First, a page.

By Amanda Li, RD
Have you ever met a child who would eat cucumbers cut into half-moons, but wouldn’t eat them if they were cut into sticks? Or what about people who can clean up a bowl of guacamole but won’t touch a slice of avocado? I certainly have! How a vegetable or a fruit is prepared can determine its tastiness and overall enjoyment! Preparation goes beyond just the cooking method – it starts with your knife cutting techniques. Take for example, a kiwi – when it’s cut into thin slices crosswise, you get a beautiful intricate pattern that almost looks too pretty to consume, and it will make for such a stunning edible garnish for salads and beverages. However, when it’s cut lengthwise into wedges, it resembles more like a common tomato. It will still taste good, but you lose the aesthetic appeal.
Let’s look at another example – Brussels sprouts. Would you rather have them steamed whole or halved and roasted in the oven? I think the answer is pretty easy. When you slice the Brussels sprouts, it allows bitter compounds known as glucosinolates to be released. In addition, roasting or frying creates the best flavour, because it caramelizes the outside while maintaining a firm and nutty interior, versus a soggy mush when over steamed or boiled. If you have been scarred by poorly prepared Brussels sprouts in the past, try out these simple pan-roasted Brussels sprouts.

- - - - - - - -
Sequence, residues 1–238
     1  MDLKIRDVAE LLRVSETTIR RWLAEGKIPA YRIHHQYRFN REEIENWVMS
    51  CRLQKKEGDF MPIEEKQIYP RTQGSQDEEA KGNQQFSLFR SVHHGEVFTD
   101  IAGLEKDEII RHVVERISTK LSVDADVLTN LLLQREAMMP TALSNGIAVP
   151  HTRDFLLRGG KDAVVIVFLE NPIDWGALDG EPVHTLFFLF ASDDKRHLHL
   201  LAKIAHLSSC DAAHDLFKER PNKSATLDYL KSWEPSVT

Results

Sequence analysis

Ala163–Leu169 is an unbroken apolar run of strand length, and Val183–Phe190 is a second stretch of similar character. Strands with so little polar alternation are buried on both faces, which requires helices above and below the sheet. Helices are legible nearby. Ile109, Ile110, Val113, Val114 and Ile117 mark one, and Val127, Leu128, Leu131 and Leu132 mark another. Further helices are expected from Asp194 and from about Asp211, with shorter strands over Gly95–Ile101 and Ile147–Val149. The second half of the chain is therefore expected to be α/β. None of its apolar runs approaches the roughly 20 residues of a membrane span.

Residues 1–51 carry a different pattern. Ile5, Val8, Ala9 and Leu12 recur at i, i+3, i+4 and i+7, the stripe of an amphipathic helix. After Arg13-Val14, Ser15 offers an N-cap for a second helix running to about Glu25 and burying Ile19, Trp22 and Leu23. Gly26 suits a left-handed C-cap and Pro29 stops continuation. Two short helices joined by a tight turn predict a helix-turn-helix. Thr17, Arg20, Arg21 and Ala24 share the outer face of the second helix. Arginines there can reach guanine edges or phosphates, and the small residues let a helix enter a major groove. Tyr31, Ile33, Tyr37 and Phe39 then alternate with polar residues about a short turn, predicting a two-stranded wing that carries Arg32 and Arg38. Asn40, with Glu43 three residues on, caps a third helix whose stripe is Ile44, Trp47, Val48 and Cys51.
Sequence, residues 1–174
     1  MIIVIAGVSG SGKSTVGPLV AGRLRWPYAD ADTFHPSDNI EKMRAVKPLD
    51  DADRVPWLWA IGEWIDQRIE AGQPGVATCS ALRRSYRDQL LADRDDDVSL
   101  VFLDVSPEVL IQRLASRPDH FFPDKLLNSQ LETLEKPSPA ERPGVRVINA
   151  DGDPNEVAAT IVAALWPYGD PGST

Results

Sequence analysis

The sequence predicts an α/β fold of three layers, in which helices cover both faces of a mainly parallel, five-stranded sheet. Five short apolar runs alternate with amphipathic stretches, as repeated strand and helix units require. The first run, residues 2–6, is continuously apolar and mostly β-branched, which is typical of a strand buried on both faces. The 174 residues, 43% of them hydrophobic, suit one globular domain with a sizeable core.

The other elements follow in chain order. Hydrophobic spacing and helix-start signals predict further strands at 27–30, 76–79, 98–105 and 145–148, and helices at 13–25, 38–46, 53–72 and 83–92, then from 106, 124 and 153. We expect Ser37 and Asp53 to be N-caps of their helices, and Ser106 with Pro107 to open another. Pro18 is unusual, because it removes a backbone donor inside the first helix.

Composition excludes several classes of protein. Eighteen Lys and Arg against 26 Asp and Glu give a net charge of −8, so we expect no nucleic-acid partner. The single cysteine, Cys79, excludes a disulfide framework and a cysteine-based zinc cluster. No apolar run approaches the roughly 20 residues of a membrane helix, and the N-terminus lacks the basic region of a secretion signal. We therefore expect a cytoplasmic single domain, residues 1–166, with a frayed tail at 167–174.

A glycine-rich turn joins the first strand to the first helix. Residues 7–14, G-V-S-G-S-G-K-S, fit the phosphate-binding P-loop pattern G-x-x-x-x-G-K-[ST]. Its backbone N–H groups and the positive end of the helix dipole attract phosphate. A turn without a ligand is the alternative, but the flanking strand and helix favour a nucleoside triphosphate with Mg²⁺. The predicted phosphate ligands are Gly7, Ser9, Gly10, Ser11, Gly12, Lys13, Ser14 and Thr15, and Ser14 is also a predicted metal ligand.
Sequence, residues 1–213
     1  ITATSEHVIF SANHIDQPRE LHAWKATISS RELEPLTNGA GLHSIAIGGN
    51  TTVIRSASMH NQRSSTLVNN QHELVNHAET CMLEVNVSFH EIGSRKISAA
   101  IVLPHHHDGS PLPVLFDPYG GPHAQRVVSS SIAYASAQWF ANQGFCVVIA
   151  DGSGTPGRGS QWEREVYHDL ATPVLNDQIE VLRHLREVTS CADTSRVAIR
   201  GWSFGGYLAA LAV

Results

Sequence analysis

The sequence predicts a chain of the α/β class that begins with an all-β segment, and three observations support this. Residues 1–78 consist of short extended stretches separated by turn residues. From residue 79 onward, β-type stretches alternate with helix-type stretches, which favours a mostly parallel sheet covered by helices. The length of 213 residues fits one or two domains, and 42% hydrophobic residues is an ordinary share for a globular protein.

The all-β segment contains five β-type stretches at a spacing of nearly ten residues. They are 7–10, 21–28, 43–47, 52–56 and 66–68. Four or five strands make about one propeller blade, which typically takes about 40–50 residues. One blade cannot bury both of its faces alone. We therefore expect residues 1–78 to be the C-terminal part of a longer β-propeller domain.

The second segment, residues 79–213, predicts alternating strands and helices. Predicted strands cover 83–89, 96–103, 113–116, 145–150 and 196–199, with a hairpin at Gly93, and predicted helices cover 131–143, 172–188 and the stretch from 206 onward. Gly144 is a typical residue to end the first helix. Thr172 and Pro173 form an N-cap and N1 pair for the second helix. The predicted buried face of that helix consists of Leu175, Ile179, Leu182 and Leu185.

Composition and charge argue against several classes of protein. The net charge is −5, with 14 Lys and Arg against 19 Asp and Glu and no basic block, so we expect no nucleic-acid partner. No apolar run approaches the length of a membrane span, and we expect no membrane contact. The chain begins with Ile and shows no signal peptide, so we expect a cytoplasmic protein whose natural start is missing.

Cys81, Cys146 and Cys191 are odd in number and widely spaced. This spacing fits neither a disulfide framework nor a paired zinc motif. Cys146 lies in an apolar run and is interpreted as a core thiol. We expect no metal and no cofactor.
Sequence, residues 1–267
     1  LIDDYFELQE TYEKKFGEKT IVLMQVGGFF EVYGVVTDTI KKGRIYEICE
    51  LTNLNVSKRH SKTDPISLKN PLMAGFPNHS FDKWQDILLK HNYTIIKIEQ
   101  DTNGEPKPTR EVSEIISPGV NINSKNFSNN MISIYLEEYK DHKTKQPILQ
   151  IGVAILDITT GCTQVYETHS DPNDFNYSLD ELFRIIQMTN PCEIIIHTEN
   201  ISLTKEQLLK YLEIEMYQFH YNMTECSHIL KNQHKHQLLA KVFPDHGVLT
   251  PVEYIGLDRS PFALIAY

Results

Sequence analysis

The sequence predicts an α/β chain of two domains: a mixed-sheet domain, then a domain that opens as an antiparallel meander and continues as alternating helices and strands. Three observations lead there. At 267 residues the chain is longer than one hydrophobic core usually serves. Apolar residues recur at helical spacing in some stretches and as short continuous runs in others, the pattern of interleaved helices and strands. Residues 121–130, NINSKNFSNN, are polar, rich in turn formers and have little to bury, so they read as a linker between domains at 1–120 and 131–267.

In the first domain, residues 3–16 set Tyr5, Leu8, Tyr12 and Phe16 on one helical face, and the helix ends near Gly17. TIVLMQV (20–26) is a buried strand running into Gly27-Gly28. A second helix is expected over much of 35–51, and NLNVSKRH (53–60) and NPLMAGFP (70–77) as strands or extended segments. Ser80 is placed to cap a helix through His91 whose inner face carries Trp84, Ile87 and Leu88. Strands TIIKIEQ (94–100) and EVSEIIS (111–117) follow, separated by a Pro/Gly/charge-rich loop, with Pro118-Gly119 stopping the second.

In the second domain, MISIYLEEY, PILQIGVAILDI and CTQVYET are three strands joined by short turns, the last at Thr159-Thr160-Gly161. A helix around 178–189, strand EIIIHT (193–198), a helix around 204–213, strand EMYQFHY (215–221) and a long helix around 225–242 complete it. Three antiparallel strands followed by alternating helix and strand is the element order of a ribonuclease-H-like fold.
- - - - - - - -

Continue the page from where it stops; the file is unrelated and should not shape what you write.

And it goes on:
Now, who can forget the humble cauliflower? Another vegetable that often gets a bad rep, as it can be pretty mushy when overcooked and served as a pile of pale mush. The good news is that there are so many interesting ways to transform cauliflower. Using a box grater or food processor, you can make “riced” cauliflower which can then be used in fried rice or secretly added into taco meat filling or even used as a base for gluten-free English muffins. Cauliflower cut into florets can be made into light and crispy baked bites in the oven or air-fryer. For those who love a creamy mashed potato, why not try swapping half of the potatoes with cauliflower florets? Don’t knock it until you try this recipe.
Lastly, what about tacos? Corn and flour tortillas will always be a staple, no doubt about that, but why not try a new vessel for your favourite beef, pork or fish filling? Boston or Bibb lettuce leaves are my personal favourites, and runner ups include endive, roasted halved peppers and grilled zucchini or eggplant boats!
Don’t limit yourself in the kitchen! If you don’t find yourself head over heels with one type of knife cut or cooking method for a vegetable or fruit, try another. You may be surprised how a 45-degree turn of your knife before slicing can make such a difference to your taste buds!
Amanda Li is a Toronto-based Registered Dietitian, owner of Wellness Simplified, Instructor at George Brown College and a foodie at heart.